GT: We Heard Some Tapes From Zurich.

MD: (Suddenly turning to Craig Street) Why you looking at me like that?

GT: How Am I Looking At You? It’s Just A Look. No Different Than For Anybody Else. You Can Believe That.

MD: Okay. Zurich was nice, but in my head I can’t make that anymore. You know how people sound when they’re gonna commit suicide or something? Can’t do it anymore. Rubs against everything. Wake up at night and say, ‘Ooh shit.’ What if couldn’t hear anything beyond that? You play music?

GT: I play a little  guitar.

MD: Well then you know what you’re talking about then. I heard this guy sounded like Hendrix. What was his name? Violet? (Miles means Jimi’s good friend and teenage protege, now deceased, Velvert Turner) Met him with Buddy Miles. Sounded just like Jimi. I’m gonna knock Buddy out when I see him. I wrote that Jack Johnson for him and he didn’t even show up. You Motherfucker. If he says he got busted, it’s okay. But if he says ‘Well man, I missed this and I missed that’, I’m knocking him out. Step on his foot or something.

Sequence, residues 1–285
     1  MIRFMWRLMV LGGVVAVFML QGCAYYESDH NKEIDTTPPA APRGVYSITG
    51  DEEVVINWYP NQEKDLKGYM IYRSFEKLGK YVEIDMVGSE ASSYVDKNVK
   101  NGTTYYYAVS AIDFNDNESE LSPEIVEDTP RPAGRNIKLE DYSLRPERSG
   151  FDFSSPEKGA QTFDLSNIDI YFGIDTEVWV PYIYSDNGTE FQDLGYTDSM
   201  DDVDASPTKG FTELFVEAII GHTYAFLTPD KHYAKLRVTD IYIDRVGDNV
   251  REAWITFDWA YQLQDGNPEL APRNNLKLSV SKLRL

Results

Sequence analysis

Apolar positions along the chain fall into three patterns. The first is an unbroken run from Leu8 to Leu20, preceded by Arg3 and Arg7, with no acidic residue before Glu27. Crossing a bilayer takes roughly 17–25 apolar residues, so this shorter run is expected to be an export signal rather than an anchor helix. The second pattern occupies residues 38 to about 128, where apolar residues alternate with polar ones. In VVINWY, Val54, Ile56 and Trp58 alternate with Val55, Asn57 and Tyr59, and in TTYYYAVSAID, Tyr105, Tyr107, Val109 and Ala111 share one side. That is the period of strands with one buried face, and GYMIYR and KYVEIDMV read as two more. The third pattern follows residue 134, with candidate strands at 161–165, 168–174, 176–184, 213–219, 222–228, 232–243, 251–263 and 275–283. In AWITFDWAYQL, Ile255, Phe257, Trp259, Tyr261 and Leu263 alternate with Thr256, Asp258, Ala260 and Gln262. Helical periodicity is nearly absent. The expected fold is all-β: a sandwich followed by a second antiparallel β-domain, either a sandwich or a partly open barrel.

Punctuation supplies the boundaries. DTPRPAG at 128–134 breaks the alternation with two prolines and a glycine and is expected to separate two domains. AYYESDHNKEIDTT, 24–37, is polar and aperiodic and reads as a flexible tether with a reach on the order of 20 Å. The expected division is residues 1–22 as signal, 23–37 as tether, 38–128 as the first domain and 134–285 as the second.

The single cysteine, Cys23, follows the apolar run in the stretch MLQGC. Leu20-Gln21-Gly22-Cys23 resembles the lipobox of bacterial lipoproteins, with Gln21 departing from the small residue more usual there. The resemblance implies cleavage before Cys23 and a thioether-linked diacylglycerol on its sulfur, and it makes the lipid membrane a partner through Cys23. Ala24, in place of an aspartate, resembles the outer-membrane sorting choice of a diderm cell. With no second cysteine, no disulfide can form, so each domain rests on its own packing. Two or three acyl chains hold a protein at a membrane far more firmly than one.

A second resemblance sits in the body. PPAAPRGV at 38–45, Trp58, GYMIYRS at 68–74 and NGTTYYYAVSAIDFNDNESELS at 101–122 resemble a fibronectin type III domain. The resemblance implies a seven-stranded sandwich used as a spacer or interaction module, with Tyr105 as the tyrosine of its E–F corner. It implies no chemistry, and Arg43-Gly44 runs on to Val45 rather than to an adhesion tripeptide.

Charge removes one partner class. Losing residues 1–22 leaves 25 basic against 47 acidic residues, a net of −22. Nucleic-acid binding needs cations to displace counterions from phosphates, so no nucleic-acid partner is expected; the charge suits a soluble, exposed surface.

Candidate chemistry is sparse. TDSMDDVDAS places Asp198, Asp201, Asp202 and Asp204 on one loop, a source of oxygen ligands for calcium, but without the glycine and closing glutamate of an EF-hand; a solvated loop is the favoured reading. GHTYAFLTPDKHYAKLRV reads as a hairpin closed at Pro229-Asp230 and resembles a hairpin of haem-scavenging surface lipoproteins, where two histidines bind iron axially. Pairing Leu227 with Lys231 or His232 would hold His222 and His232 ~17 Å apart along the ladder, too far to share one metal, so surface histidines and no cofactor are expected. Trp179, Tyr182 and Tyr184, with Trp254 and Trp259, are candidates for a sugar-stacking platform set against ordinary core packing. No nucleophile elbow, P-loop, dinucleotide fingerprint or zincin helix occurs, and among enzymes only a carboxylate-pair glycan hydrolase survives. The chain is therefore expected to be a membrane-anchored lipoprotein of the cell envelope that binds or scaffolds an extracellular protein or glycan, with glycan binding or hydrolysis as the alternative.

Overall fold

GT: Did y’all just go in and hit with Jack Johnson or was that real worked out?

MD: Why do you always think that? Don’t you know you have to work out things? You don’t walk in the studio and just do shit like that unless you’re me. Or Prince. And Marcus. I did write the introduction, what John McLaughlin played.


GT: what was that last thing you did for Columbia records with an orchestra? (Miles Davis – Aura Columbia C2X 45332)

MD: Oh yeah, that was in Copenhagen. That was one of the reasons I left Columbia Records. When you’re talking to somebody and they don’t know what you’re talking about like (former head of Columbia’s jazz department) George Butler.